Everyone is talking about FTX, and while the turbulent tech moments these past few years should have made us more accustomed to the craziness, somehow I think it made us even more myopic.
Here are some things worth revisiting:
- When we first started working from home, everyone was up in arms. Now no one wants to go back.
- When Clubhouse took off, we thought social media was changing forever.
- When NFTs went mainstream and Bored Apes minted millionaires, we thought the future of art, access, and utility had arrived.
- When we printed obscene amounts of debt to buoy the economy, and everyone was feeling rich, very few took the long-term view on what that would really mean.
- When Elizabeth Holmes finally went on trial, we assumed there would be greater accountability and diligence going forward.
- Now, we’ve got companies creating fake coins to bolster balance sheet value, and the money flowing to all kinds of interesting places…
But what’s the point of laying this out?
It’s to remind people that the long-term view is the hard one, but the right one. If we go back, I’ve written about why the move to remote work would ultimately be hybrid regardless of the near-term swings. We covered why Clubhouse was fundamentally interesting and where the flaws were too, before the air was let out of the balloon. We went deep on NFTs to talk about utility and access, likening the more surface-level use cases to gambling. I even opposed the enormity of the debt printing, in favor of short-term (personal) pain in the stock market, and going as far as to share that sentiment in emails to Earhoox customers on why—even though it would never happen—taking PPP loans should be reserved for those truly in need.
Fundamentally, we need to avoid the urge to make a quick buck. I mean sure, play the $1.9B Powerball on Jackpocket (disclosure: I’m an investor), like I did. But we’re talking about gambling tens of dollars there, not tens of billions of dollars like the government and the largest investors in the valley. Like the metaverse for example—the only advancement in civilization that has accrued more investment than the metaverse is the moon landing. And that’s why we wrote about equal and opposite reactions—investing in the real world to balance investments in the digital one.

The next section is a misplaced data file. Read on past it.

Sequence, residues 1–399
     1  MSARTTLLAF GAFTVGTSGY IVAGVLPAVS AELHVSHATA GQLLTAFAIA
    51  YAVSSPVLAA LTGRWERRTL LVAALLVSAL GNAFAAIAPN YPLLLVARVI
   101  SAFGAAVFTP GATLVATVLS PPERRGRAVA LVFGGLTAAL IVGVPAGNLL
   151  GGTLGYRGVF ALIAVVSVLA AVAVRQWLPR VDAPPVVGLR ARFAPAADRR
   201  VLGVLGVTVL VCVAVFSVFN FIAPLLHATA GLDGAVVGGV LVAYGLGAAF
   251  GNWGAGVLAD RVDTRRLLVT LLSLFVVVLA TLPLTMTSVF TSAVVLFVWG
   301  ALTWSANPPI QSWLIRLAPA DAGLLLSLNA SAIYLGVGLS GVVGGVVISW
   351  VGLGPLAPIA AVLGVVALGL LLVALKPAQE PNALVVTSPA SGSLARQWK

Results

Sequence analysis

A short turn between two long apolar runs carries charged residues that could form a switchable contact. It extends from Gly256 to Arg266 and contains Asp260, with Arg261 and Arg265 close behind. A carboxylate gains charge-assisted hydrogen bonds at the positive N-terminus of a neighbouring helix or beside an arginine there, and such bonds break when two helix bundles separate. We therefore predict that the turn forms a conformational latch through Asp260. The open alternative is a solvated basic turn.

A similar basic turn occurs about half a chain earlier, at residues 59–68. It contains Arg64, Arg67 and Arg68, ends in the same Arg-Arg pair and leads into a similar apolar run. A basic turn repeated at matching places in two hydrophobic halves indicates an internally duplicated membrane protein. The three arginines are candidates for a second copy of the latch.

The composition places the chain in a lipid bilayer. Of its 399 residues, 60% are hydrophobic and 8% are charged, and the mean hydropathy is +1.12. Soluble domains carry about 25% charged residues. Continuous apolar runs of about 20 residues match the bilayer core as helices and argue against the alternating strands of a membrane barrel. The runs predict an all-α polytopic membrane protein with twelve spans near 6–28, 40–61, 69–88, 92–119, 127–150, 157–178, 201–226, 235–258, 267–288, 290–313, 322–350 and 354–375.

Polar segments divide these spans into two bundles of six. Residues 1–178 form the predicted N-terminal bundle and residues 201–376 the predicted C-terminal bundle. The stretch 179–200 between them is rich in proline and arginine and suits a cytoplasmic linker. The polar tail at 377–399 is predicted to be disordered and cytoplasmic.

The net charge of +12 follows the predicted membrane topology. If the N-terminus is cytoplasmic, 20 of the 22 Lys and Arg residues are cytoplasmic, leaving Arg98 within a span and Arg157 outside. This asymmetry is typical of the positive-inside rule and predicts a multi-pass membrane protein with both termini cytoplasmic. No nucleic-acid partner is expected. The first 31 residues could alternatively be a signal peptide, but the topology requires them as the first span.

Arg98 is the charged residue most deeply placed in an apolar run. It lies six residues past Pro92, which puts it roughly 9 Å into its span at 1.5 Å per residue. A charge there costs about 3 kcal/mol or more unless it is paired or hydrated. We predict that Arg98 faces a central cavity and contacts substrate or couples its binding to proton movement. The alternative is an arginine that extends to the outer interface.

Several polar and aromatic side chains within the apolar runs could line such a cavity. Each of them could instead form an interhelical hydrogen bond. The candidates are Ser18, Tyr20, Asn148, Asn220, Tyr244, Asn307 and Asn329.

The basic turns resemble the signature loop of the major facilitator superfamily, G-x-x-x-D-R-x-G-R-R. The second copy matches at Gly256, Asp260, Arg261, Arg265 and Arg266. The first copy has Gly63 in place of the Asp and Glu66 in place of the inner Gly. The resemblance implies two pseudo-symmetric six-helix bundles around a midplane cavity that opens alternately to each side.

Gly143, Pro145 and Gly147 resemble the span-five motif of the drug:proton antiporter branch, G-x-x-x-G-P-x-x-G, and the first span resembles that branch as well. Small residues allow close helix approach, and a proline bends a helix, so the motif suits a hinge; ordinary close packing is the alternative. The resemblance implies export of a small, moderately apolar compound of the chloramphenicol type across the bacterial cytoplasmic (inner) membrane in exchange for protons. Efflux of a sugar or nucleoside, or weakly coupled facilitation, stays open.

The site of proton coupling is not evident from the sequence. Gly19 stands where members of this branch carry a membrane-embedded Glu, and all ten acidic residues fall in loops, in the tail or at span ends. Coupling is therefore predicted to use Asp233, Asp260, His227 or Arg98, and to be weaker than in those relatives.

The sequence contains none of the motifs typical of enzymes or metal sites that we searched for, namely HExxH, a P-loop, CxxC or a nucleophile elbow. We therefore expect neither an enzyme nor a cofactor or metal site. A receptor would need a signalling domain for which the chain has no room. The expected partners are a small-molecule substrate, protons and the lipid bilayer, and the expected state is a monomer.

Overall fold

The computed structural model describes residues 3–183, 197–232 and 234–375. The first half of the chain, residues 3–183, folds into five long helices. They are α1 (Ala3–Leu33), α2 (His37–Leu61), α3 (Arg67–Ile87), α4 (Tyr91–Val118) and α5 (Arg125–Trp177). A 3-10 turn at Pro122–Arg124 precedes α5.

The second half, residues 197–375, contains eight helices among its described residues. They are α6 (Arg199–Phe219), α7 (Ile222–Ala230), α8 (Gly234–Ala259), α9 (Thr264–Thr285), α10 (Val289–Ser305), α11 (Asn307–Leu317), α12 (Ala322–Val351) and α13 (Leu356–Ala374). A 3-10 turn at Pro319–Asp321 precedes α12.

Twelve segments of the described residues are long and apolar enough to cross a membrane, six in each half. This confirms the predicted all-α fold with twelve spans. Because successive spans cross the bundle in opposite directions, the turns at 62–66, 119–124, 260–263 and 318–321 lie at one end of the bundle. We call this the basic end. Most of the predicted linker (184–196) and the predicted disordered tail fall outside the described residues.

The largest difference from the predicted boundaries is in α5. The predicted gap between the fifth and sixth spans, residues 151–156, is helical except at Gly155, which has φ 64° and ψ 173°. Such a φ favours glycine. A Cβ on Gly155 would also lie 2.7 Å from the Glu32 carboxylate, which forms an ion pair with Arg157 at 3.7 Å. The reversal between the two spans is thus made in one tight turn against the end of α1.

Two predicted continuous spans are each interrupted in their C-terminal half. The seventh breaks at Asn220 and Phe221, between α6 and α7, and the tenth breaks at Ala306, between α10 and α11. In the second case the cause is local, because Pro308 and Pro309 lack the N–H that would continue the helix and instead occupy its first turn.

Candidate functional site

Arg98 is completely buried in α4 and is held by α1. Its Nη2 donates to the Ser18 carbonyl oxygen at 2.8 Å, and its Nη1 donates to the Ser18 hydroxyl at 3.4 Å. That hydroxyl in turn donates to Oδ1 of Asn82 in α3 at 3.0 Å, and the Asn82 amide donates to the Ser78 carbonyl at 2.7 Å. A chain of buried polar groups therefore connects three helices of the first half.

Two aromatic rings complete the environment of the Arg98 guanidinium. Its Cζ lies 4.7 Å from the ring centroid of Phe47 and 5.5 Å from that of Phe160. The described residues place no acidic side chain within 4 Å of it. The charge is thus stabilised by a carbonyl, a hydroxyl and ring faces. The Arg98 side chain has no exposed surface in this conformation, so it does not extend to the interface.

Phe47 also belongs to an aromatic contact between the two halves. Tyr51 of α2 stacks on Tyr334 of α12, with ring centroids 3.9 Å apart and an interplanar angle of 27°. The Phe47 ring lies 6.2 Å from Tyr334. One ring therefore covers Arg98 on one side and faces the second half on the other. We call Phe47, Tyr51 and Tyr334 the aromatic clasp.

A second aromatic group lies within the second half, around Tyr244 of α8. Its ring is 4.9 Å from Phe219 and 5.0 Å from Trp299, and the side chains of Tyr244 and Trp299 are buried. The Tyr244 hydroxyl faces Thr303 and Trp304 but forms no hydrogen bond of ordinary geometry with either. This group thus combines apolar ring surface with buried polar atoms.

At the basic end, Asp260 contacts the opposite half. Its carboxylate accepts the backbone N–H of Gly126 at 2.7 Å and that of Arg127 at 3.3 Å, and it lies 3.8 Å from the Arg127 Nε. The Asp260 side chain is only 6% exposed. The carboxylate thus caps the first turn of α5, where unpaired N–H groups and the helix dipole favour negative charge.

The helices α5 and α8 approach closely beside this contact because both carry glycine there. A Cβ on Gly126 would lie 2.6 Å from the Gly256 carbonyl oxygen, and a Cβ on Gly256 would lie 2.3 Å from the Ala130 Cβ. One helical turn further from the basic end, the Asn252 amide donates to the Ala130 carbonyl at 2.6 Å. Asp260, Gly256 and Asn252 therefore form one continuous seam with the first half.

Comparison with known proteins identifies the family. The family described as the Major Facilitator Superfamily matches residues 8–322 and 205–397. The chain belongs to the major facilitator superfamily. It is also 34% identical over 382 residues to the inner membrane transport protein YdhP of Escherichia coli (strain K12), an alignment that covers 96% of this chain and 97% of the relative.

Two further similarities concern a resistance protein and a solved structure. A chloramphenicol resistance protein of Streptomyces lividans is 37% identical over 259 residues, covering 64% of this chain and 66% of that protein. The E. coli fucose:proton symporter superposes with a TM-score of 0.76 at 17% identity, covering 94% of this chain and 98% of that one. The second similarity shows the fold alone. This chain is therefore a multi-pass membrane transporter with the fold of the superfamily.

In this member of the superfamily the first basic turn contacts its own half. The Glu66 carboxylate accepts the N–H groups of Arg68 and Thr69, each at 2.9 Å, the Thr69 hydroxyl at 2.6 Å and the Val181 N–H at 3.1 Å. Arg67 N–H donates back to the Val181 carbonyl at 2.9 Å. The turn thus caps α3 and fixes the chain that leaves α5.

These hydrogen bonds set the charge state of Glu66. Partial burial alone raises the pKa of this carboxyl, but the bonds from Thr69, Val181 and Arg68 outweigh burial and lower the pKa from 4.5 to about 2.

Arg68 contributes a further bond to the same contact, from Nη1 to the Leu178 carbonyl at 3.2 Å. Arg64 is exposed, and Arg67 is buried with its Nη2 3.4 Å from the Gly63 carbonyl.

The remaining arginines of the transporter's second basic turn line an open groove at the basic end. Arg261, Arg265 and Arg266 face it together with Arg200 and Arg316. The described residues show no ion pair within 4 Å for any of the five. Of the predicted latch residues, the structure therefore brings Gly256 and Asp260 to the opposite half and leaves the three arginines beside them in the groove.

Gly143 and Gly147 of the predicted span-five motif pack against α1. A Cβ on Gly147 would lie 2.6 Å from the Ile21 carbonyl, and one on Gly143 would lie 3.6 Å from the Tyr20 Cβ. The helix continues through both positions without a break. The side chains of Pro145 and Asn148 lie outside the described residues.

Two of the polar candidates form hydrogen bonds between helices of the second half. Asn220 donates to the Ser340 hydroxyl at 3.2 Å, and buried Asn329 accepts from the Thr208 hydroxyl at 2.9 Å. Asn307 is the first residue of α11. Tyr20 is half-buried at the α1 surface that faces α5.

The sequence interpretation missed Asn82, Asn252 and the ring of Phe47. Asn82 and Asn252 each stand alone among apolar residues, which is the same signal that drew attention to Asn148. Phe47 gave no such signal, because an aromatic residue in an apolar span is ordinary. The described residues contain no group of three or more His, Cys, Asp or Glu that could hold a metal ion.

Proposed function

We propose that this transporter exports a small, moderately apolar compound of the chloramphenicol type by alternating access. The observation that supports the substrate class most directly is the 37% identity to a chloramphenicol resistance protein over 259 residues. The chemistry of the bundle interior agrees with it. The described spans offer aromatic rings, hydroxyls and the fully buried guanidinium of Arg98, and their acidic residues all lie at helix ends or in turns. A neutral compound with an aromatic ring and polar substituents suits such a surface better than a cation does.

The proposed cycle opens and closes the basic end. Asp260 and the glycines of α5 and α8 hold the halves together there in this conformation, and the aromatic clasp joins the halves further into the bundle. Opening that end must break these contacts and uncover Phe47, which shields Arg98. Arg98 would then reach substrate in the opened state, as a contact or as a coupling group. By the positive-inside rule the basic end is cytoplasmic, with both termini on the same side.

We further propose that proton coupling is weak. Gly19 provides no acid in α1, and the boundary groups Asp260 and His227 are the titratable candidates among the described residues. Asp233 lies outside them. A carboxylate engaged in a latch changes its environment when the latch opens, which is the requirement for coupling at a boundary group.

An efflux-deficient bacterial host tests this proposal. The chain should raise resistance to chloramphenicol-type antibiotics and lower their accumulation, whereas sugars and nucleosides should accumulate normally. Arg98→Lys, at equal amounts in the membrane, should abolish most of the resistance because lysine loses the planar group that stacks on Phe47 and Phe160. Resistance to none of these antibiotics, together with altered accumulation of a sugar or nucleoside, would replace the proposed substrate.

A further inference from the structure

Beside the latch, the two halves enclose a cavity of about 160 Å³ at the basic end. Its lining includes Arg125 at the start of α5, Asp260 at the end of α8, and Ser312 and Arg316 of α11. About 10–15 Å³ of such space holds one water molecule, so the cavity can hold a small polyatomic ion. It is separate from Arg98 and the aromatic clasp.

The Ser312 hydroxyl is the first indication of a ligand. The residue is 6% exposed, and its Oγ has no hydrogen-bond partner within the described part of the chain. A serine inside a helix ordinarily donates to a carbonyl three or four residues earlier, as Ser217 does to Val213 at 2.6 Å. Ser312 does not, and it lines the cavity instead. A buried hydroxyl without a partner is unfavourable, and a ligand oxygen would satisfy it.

As interest rates continue to rise, we’re going to see a reprioritization of asset classes, and it’s going to be harder for VCs, particularly emerging managers, to raise from investors. That’s why we need to look at a five-to-10-year arc—probably even longer. We need to focus on fundamentals, and step-changes in technology, not follow bandwagon opinions—at least not with any outsized allocations. That’s why we also need to return to investing in people—the right kinds of people—the ones who focus on long-term problems, leveraging first principles, and optimize for the future over the present.
That is to say, everything finds equilibrium eventually, and as the pendulum swings, it’s important to ask ourselves about the counterforce. To me, right now, it’s interoperability, AI/ML, quantum, longevity (also here), blockchain & cryptography (specifically zero-knowledge proofs & DeFi), personal data, and incentive alignment. Each of these areas have fundamental use cases that stand to better humanity and improve our collective abilities to live better lives and solve the world’s most pressing problems. We won’t make billions overnight, but those overnight wins have proven to be false idols anyway.
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